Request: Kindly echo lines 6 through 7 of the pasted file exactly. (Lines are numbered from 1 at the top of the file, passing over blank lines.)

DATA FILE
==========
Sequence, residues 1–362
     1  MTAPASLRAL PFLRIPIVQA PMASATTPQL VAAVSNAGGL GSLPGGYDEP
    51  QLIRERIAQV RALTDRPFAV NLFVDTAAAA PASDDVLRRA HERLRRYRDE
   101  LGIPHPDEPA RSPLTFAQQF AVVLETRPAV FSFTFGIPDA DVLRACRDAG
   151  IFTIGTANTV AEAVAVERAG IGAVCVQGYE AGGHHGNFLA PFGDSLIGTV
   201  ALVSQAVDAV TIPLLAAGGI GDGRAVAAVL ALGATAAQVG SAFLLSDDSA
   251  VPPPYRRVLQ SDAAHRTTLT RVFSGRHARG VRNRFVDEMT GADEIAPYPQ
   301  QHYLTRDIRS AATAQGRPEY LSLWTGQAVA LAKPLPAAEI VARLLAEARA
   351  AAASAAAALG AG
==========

   201  ALVSQAVDAV TIPLLAAGGI GDGRAVAAVL ALGATAAQVG SAFLLSDDSA
   251  VPPPYRRVLQ SDAAHRTTLT RVFSGRHARG VRNRFVDEMT GADEIAPYPQ